Last time, we examined the virtues of the embedded cable modem as the nimblest of available signal paths to move two-way information.
The cable modem, it turns out, isn't just about broadband Internet services.
That development, informally called "eDOCSIS," for "embedded DOCSIS" (Data Over Cable Service Interface Specification), is one part of the puzzle. Another part — especially relative to an embedded modem within set-tops, or within digital TVs with embedded set-tops (yes, that's a double embedding, set-top and cable modem) — is the "other end" of the network.
What happens when the embedded modem sends something for handling? Where does it go?
Those questions represent the bulk of a 35-page CableLabs specification known as "DSG," for "DOCSIS Set-Top Gateway."
Marketers, hold your fire. This is an acronym that almost certainly will not come up in everyday conversations with retailers or customers, any more than "CMTS" does when you're talking broadband Internet. It's a back-end detail term. (Whew.)
Very very new
Also know that this is all new stuff — the DSG spec was first released by Cable Television Laboratories Inc. a year or so ago. Equipment development is next. Lots more needs to be done.
There are two ways to envision the teamwork between the embedded modem and the DSG. One is by signal path. Say you have a cable-ready HDTV, developed for two-way cable communications via an embedded modem. (This could also be a digital video recorder, or a game console, or a portable video player, or anything else imaginable as a cable-connected consumer device.)
As far as timing goes, it's important to note that this discussion occurs at the output of the second part of the cable/consumer-electronics "plug-and-play" agreement.
The first part of that agreement is being fleshed out now. We're thinking ahead here.
Say this HDTV set is under the control of a customer who just initiated a VOD session. Because this column is being written as the writer looks out at four-foot snowdrifts, let's be really indulgent and say this customer just pressed the button to watch Fargo.
In a simplified map, her request is routed to the embedded cable modem, which passes it upstream, over the cable plant, to the headend.
There, it goes where traffic from cable modems always goes: to the CMTS, or cable-modem termination system.
The CMTS looks at the incoming packets. "Aha," it says. "You're a session-set-up for a set-top. Over there, please." It passes the VOD initialization request to the DSG, which talks back and forth with the set-top controller, which talks with the VOD controller to set up the session.
The confirmation — and session details — move back to the embedded cable modem and HDTV, in reverse order. Back at the couch, everything seems the same. Maybe Fargo
arrives a little faster, but faster in a way that isn't obvious, like when you notice that something isn't annoying.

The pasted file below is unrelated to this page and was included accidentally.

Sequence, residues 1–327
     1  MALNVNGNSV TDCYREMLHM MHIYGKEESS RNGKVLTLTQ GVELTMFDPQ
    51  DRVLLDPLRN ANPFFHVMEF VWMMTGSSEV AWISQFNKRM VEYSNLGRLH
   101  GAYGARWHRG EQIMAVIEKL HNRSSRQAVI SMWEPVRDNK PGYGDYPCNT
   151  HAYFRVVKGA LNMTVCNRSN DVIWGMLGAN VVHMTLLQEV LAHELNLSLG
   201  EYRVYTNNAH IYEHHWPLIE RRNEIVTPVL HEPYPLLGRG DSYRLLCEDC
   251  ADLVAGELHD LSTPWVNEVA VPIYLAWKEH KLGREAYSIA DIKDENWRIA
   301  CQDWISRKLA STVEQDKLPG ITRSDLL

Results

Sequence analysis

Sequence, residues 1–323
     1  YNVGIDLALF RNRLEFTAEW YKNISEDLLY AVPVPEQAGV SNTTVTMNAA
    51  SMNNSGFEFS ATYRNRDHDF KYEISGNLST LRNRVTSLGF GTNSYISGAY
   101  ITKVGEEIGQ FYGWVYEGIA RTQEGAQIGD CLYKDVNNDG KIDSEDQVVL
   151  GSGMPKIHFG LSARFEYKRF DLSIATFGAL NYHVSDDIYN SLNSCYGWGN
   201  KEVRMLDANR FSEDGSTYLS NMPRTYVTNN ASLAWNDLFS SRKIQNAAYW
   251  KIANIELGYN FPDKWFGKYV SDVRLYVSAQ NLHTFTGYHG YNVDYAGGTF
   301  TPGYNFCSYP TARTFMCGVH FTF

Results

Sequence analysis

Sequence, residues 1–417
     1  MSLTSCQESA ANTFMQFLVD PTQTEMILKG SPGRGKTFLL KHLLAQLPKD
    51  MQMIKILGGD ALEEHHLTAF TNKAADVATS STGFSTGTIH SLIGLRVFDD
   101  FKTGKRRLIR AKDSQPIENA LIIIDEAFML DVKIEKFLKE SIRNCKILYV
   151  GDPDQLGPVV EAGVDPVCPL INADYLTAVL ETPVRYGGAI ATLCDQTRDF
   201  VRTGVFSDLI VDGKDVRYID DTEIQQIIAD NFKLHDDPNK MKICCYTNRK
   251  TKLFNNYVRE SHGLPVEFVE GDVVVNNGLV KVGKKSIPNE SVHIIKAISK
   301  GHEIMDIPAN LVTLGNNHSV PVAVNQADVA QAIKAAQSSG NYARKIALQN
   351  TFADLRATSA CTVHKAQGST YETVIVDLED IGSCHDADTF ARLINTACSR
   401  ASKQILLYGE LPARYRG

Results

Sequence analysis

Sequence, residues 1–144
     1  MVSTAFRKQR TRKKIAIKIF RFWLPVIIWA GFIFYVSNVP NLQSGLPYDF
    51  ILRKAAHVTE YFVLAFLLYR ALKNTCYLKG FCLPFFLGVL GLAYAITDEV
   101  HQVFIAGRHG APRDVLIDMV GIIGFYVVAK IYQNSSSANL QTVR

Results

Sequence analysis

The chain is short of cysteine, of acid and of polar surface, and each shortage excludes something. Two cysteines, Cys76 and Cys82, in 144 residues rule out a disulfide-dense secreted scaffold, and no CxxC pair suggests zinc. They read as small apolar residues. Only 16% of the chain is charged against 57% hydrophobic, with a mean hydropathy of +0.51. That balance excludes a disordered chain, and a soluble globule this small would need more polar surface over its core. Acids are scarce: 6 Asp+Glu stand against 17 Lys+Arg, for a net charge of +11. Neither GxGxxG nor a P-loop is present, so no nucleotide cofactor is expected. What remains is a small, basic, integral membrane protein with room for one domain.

This pattern repeats for everything that needs to occur, or is planned to take place, between cable-connected devices and the servers and routers that handle the flow of information. Masterminding the flow is the DSG.
In a diagram, the DSG attaches to the CMTS on one side, and other background controllers (such as existing set-top controllers) on the other side.
It's partly a router, partly a proxy server and mostly an intermediary.
Its primary role is to manage the business policies that describe how different devices are allowed to connect with embedded cable modems, and the circumstances under which that linkup may take place.
That brings us to the second way of envisioning the DSG: It's sort of like the rooms of a house. A new house, specifically.
Say you want to move, because you want more room. Maybe you pick a place with three additional rooms.
Because the whole moving thing is exciting and new, you tend to spend a lot of time thinking about those three new rooms. Maybe one is to be a home theater, which requires lots of daydreaming and research. Maybe another is a workshop, and the third a home office.
Meanwhile, the dining room furniture still needs to go into the dining room, the beds still need to go to the bedrooms and the couch to the living room.
In a DSG sense, the conditional access still needs a room, as does guide data, billing information, code revisions, and session management.
We tend to spend a lot of time thinking about the new stuff, whether it's rooms in a new house, or cool new two-way services in future CE devices. However, the bulk of the initial and ongoing work necessarily must continue to support the ongoing services of digital cable, pay-per-view, VOD and guide updates.
The focus has to start with where to put the existing stuff, so that it works better. That's the point of the DSG, and the embedded cable modem: To make today's digital businesses work better, while leaving plenty of extra rooms for the new stuff.